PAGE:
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The task force and Newsom didn’t respond. The LAO said it can’t comment “as a formal and detailed proposal has not been presented to the legislature for us to analyze.” Alamo echoed that point, saying he can’t address broader questions about how a reparations program could work since the LAO’s work on behalf of the task force was “specific to how recommendations might proceed through the legislature to become law.”
According to California Justice Department officials, the law creating the task force didn’t instruct the committee to identify funding sources.
“The task force is required by AB 3121 to recommend to the legislature methods for calculating reparations and the scope of reparations,” Senior Assistant Attorney General Michael Newman told CalMatters. “Based on their recommendations, the legislature is ultimately tasked with implementing these changes into law and figuring out how to pay for it.”
A final report with the task force’s official recommendations is due by July 1 to the state legislature, which will then decide whether to implement the measures and send them over to Newsom’s desk to be signed into law.
Last year, the committee made several preliminary recommendations in an interim report.
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“Government laws and policies perpetuating badges of slavery have helped white Americans accumulate wealth, while erecting barriers that have prevented African Americans from doing the same,” the report stated. “These harms compounded over generations, resulting in an enormous gap in wealth between white and African Americans today in the nation and in California.”
Some Black political activists disagree with the task force’s agenda.
“I think it’s a bad idea. I’m not going to form a committee or anything to oppose it because of many considerations. I respect the perspective that the proponents of this goofy idea have,” Ward Connerly, founder and chairman of the American Civil Rights Institute, told Fox News’ Will Cain.
“California is a progressive state, but we’re not insane,” added Connerly, former president of the California Civil Rights Initiative Campaign. “And, so, I think that the people of this state would rise up and say ‘no.'”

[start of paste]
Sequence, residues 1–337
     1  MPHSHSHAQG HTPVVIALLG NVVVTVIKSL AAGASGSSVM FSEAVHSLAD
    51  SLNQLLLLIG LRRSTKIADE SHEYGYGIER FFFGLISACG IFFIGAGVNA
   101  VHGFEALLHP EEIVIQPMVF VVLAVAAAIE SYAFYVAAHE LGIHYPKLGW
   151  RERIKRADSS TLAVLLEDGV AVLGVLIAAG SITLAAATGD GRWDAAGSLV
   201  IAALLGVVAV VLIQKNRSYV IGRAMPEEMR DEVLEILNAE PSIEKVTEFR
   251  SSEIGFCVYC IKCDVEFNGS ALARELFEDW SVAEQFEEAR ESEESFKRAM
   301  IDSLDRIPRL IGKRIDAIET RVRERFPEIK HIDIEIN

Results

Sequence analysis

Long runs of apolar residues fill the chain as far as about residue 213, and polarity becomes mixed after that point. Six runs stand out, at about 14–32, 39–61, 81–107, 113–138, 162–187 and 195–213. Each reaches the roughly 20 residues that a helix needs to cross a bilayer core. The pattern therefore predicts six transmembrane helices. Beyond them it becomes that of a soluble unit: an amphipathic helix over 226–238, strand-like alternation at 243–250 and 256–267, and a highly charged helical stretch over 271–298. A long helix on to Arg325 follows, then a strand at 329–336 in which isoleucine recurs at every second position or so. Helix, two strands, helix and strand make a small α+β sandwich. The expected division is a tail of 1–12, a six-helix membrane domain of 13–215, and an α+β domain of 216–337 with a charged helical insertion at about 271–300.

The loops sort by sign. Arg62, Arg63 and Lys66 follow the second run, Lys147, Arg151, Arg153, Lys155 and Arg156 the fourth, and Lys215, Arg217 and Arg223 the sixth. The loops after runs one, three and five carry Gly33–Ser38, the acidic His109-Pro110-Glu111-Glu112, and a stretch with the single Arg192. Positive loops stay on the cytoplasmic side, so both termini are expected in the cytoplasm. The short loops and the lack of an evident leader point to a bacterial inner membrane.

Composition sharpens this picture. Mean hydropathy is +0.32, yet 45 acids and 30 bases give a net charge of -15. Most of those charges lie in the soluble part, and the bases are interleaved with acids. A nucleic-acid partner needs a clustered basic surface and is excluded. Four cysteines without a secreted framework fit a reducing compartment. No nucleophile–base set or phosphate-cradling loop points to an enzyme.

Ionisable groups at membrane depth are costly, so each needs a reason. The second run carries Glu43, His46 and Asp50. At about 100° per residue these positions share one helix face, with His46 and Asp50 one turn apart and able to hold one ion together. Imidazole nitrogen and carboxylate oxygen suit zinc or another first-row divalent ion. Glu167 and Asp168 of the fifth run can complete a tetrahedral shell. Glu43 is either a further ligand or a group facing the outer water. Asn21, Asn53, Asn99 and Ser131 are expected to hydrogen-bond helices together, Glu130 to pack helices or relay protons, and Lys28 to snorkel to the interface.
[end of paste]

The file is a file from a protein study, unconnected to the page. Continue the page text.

The task force was created amid the unrest following the 2020 murder of George Floyd in Minneapolis. None of the panel’s nine members are White.
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The committee had initially proposed $220,000 per person for Black Californians last year but recently increased the figure by more than 60% to $360,000 as one of many ideas being mulled to give out reparations.
Economists and scholars consulting with the task force came to the latest proposal by using a model that evaluated California’s racial wealth gap, calculating damages related to injustices such as housing discrimination, mass incarceration and health harms.
“I wholeheartedly support reparations and think everyone should,” Sacramento Mayor Darrell Steinberg said at last week’s task force meeting. “If government should stand for anything, it should stand for investing in communities and people who have been the victims of discrimination and disenfranchisement for far too long.”
Beyond Sacramento, some California cities — such as Oakland, Los Angeles and San Francisco — have been pushing at the more local level their own reparations initiatives. San Francisco in particular made headlines after an advisory committee proposed that Black residents who have been victims of “systemic repression and exclusion” be awarded $5 million per eligible individual.
“While neither San Francisco, nor California, formally adopted the institution of chattel slavery, the tenets of segregation, white supremacy and systematic repression and exclusion of black people were codified through legal and extralegal actions, social codes, and judicial enforcement,” the committee’s draft reparations plan stated. “A lump sum payment would compensate the affected population for the decades of harms that they have experienced, and will redress the economic and opportunity losses that black San Franciscans have endured, collectively, as the result of both intentional decisions and unintended harms perpetuated by city policy.”
The panel also recommended a “comprehensive debt forgiveness” program that would clear all personal, educational and credit card debt of low-income Black households.
California entered the union in 1850 as a free state.